“The initial idea was to make it a national programme. We had everything, including the technical personnel to achieve what we set out for. What we did in CRS was that we brought together the best hands. Former Olympic champion and world 100 meters record holder(in his day), late Lee Evans and another American coach took care of athletics, two Cuban coaches for boxing, a Bulgarian coach for weightlifting and another foreign coach for swimming.”
The programme was an instant success. According to Ijirigho – records don’t lie – between December 2009 and October 2015, over 300,000 young boys and girls participated in the programme in the six years it was implemented.
The programme propelled CRS to the top of youth sports development and performance in Nigeria for an unprecedented 4-year spell. Cross River State won the National School Sports Festival between 2011 and 2015, when the programme was discontinued. The state also became a catchment area for athletes who represented and won laurels for Nigeria in international competitions.
Ijirigho said other states quickly identified with the CRS Comprehensive Sports Programme and were sending their athletes to participate in the numerous competitions that were being generated through the programme.
“States like Delta that once dominated grassroots sports development and performance in the country started wondering at what we were doing in Cross River State,” he said, recalling that “the world 400 meters champion, Salwa Eid Nasser, the Anambra state girl that ran and won 400 meters in the World Championships for Bahrain was a regular participant in our programmes.”.
He said as at 2015, the programme had taken roots and they were ready for the next phase. “We had identified six schools – two from each senatorial zone – to make them model schools.
One of the schools was located in Obudu and Mary Knoll College, Ogoja in CR North, Government Secondary School Ikom and one school in Iyamoyong in CR Central, another school in Akamkpa and Saint Patrick’s College in Calabar. The plan was to equip these schools with modern sports equipment and make them centres of excellence.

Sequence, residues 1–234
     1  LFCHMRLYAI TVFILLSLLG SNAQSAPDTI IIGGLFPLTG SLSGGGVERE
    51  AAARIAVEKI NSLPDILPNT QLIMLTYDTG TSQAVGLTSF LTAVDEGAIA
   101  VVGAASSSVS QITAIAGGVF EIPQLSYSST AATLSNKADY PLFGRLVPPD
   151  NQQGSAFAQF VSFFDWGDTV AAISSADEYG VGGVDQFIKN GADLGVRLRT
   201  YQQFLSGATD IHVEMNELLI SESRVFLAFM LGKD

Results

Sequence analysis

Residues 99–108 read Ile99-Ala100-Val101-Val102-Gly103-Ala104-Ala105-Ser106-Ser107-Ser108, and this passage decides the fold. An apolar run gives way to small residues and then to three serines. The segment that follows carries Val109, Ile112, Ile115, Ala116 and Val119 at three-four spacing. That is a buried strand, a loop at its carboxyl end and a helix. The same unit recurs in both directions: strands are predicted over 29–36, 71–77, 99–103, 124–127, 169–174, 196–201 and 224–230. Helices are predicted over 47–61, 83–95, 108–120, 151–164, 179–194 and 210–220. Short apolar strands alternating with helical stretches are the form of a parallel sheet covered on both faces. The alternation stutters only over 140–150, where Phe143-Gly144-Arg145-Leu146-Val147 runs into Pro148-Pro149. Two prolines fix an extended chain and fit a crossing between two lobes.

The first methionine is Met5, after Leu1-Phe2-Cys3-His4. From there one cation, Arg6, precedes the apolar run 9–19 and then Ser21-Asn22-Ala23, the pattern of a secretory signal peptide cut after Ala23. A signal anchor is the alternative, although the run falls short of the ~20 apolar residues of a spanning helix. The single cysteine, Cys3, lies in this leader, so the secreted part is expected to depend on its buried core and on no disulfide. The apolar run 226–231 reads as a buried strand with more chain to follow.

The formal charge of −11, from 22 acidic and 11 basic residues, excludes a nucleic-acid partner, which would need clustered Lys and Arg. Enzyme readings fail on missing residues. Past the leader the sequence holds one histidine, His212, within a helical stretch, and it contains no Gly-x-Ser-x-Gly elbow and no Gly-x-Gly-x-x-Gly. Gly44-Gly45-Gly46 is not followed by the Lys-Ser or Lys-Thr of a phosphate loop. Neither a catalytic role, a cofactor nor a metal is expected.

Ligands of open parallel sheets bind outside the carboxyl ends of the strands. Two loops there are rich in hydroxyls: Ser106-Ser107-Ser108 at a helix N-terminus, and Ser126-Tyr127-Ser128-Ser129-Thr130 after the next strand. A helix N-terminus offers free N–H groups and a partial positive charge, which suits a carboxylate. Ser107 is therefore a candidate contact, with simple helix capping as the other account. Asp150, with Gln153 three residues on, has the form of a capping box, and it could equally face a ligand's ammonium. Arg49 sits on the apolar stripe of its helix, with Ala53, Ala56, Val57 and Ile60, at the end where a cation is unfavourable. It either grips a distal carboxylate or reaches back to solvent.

We had already outlined sponsors who were ready to take over the aspect of funding. But the incoming government of Professor Ben Ayade did not want the programme to continue. The state sports officials he appointed wanted to know what they stood to gain from the programme and I can never be part of such an arrangement.
Ayade himself never gave me the opportunity to sit down with him and discuss one-on-one. Eventually, we were practically chased out of our offices located in the U. J. Esuene stadium complex.”
Ijirigho is full of disappointment with the government of Cross River State under Professor Ayade, particularly, as it affected the lives and careers of promising, budding athletes, some of whom have degenerated to a state of helplessness and despondency.
“The most painful thing is that the lives of these athletes and their steady development have been disrupted. It’s like dashing the hopes of an entire generation. It is so sad indeed,” he regretted.